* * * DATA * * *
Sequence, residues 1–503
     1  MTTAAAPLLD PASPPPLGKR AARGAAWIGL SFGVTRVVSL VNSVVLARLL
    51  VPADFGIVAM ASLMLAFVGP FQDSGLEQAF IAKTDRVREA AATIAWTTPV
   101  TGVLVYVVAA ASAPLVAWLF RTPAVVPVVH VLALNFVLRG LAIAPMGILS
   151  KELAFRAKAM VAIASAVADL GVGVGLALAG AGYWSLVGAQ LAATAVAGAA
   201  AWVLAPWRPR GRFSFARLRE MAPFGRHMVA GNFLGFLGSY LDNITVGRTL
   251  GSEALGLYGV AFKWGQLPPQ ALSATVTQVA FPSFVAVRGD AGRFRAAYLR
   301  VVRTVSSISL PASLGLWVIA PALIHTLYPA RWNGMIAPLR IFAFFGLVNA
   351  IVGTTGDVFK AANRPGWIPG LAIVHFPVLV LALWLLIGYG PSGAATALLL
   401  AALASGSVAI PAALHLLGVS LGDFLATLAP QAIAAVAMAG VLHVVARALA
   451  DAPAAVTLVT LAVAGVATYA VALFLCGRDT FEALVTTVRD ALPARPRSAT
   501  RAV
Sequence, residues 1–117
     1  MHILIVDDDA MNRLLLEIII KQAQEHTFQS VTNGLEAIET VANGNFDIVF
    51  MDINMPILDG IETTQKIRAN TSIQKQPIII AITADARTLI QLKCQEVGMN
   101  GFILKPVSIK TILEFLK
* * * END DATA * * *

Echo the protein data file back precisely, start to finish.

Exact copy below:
Sequence, residues 1–503
     1  MTTAAAPLLD PASPPPLGKR AARGAAWIGL SFGVTRVVSL VNSVVLARLL
    51  VPADFGIVAM ASLMLAFVGP FQDSGLEQAF IAKTDRVREA AATIAWTTPV
   101  TGVLVYVVAA ASAPLVAWLF RTPAVVPVVH VLALNFVLRG LAIAPMGILS
   151  KELAFRAKAM VAIASAVADL GVGVGLALAG AGYWSLVGAQ LAATAVAGAA
   201  AWVLAPWRPR GRFSFARLRE MAPFGRHMVA GNFLGFLGSY LDNITVGRTL
   251  GSEALGLYGV AFKWGQLPPQ ALSATVTQVA FPSFVAVRGD AGRFRAAYLR
   301  VVRTVSSISL PASLGLWVIA PALIHTLYPA RWNGMIAPLR IFAFFGLVNA
   351  IVGTTGDVFK AANRPGWIPG LAIVHFPVLV LALWLLIGYG PSGAATALLL
   401  AALASGSVAI PAALHLLGVS LGDFLATLAP QAIAAVAMAG VLHVVARALA
   451  DAPAAVTLVT LAVAGVATYA VALFLCGRDT FEALVTTVRD ALPARPRSAT
   501  RAV
Sequence, residues 1–117
     1  MHILIVDDDA MNRLLLEIII KQAQEHTFQS VTNGLEAIET VANGNFDIVF
    51  MDINMPILDG IETTQKIRAN TSIQKQPIII AITADARTLI QLKCQEVGMN
   101  GFILKPVSIK TILEFLK